Kegan says we resist change because our mind acts as an immune system to protect us from the psychological trauma and danger that sudden and drastic changes can bring. Unfortunately this same system meant to protect us from negative changes can also prevent us from making significant positive changes. Kegan says one of the strongest sources of resistance to change is our firmly entrenched self-identity. He cites the example of a heart patient who stops taking prescription drugs because it makes him feel old. One patient, in fact told him that he stopped taking medication because he was only 58 years old and in the prime of his life and not an ‘old man with one foot in the grave.’ For that man, taking a daily pill threatened his identity as a healthy and younger man! This sounds amusing but it’s how many of us react to huge doses of prescription drugs.

To get over this identity-based resistance and I know as a society that we have many biases that prevent us from looking to the future which also means changing our way of doing things, Michael Bunting in his book, “The Mindful Leader,” suggests that mindfulness is the single greatest antidote to identity-based resistance to change because this practice teaches and enables us to let go of our self-identity (much of which we have constructed from past experiences and prejudices since the time we were hunter-gatherers) and truly know ourselves and enhance our self awareness as we observe the changes throughout our lives. Mindfulness releases us from the need to identify ourselves in rigid and inflexible ways. Mindfulness takes us out of the prison where we are taught to cling on to transient and intangible thoughts in order to find security. That’s how behavioral change is wrought in our lives and that is why it is so difficult. Most of us have been in training sessions where drug addicts or alcoholics are told categorically that if they don’t give up their habits they would have a limited life span or where women are told to plan their families to get out of the poverty syndrome. But the trainings glide like water over a duck’s body.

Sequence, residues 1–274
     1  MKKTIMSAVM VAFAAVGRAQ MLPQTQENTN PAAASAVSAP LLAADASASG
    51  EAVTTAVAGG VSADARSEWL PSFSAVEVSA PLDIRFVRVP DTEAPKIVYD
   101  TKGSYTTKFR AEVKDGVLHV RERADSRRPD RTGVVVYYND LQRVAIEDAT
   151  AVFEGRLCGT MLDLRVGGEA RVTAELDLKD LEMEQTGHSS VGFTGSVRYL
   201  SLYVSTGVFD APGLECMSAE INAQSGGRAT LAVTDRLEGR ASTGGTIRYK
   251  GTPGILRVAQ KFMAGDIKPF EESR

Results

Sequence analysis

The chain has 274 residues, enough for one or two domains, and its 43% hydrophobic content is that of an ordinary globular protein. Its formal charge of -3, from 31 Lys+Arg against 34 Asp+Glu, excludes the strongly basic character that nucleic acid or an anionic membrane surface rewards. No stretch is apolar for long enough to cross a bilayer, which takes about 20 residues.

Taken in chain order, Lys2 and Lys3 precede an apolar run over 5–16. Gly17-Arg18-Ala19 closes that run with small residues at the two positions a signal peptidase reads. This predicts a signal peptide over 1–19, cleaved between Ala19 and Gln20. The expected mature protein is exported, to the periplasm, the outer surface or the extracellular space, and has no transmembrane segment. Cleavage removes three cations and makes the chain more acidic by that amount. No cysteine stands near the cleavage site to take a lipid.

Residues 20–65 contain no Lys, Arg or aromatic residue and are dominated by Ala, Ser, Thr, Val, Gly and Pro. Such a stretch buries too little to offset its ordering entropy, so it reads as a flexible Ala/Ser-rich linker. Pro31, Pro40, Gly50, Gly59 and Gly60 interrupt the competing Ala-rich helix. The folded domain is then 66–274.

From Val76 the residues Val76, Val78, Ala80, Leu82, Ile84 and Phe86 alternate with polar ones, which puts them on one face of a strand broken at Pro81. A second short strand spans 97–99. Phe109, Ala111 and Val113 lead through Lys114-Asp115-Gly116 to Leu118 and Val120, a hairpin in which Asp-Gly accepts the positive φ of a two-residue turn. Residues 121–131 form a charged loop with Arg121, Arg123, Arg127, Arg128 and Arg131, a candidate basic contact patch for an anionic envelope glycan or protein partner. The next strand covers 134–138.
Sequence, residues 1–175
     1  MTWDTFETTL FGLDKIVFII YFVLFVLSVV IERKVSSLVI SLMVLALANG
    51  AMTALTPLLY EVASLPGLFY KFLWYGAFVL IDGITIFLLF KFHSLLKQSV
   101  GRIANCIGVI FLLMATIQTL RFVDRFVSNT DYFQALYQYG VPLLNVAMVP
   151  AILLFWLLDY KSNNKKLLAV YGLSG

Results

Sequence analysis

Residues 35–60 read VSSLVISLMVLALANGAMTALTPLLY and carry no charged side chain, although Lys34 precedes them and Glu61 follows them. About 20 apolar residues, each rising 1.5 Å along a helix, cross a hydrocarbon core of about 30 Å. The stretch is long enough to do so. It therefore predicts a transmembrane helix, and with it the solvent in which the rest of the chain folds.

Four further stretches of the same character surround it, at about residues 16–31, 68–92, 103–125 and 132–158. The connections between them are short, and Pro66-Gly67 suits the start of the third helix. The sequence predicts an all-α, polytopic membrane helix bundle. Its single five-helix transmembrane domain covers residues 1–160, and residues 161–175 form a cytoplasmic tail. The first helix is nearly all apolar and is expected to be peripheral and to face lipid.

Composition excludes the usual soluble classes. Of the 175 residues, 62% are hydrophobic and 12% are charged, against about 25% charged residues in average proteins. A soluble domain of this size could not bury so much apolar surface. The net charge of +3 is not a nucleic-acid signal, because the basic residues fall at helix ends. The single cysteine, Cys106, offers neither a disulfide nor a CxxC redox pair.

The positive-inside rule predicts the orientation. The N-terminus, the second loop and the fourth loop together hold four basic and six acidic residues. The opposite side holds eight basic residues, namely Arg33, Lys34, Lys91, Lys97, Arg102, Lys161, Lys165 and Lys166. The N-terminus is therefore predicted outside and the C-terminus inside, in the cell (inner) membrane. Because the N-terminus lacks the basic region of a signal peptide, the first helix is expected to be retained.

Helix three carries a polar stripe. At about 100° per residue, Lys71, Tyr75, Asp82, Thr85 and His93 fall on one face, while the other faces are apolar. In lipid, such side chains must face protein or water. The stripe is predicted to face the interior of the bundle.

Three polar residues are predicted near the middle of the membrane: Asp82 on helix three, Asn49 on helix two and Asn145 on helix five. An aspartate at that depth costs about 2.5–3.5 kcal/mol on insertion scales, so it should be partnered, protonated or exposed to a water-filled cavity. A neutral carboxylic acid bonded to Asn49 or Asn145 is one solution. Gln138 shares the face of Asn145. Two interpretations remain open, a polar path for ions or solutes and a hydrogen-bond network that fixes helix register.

Behavioral change is tough and that is why we need leaders because they are expected to have enough experience to lead all of us through change, one step at a time. When we make behavioral change we are challenging deeply held habits, particularly the dysfunctional ones which develop over time in our psyche in order to shut out pain and problems instead of facing them. But all this, Bunting says from years of experience, can be overcome by mindfulness. So what is mindfulness the reader might well ask. The Vietnamese Zen teacher Thich Nhat Hanh says, “The behaviour of leaders has enormous impact on those they lead and the more senior they are the greater the impact. Leadership is both a privilege and a burden. It is incumbent on leaders to lead from a centre of wellness and non-reactivity. Leaders set the tone for the entire team when they are calm, confident, open and relaxed. They spread that same feeling in their followers. Similarly when leaders are stressed, fearful and closed-minded they also spread those same feelings around. Mindfulness is to be here and now; to deal with the present and not be overly worried about the future. Insecurity in leaders is a bad trait because they tend to promise what they can’t deliver and they make bad judgments. Also they lead their followers downhill! 

As we head to the polls in early 2018, what sort of leaders are we looking for? There are many insecure souls around looking to enter the portals of fame – the State Assembly – to secure their own futures. Are we going to invest our trust and votes on them? The choice is ours!